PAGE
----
Newer radionuclide therapies

Author(s): Dr Francis Sundram, Dr Eleonora Manca

Hospital: University Hospital Southampton NHS Foundation Trust

Reference: RAD Magazine, 42, 495, 23-24


Radionuclide therapy (RNT), also known as molecular radiotherapy (MRT), utilises unsealed ionising radiation to target particular tissues. RNT depends on the properties of the radionuclides and tracer conjugates that selectively binds to cell receptors. The majority of radionuclides used in RNT are beta (β)-particles, although there is an established role and also emerging applications using alpha (α)-particles. RNT is considered as low dose rate irradiation because the rate of energy deposited in targeted cells is prolonged, whereas external beam irradiation delivers a high dose over a very short time.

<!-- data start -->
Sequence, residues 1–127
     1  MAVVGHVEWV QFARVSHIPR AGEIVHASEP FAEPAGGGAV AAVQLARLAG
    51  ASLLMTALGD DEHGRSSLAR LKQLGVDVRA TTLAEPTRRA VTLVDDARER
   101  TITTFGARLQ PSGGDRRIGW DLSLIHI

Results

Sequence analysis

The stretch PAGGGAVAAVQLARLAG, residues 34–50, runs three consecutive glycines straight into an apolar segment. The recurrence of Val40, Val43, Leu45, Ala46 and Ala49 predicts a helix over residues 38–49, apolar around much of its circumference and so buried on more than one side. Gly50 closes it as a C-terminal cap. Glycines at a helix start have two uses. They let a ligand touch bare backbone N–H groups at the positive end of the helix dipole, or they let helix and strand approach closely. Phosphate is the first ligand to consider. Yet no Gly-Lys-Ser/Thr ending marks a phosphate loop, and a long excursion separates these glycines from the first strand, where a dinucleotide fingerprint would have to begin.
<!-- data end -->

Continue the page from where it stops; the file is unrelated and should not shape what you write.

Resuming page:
β-particles are high energy ionising electrons, causing single strand DNA breaks and subsequent cell damage. The range for high energy β-emitters surpasses multiple cell diameters. Some β-emitting radionuclides also emit gamma (γ)-rays, allowing radionuclide distribution imaging. The short path length and high linear energy transfer of α-particles, which cause unrepairable double strand DNA breaks, results in more specific tumour cell kill, with less damage to surrounding normal tissues.

This website uses cookies to improve your experience. We'll assume you're ok with this, but you can opt-out if you wish. Accept Read more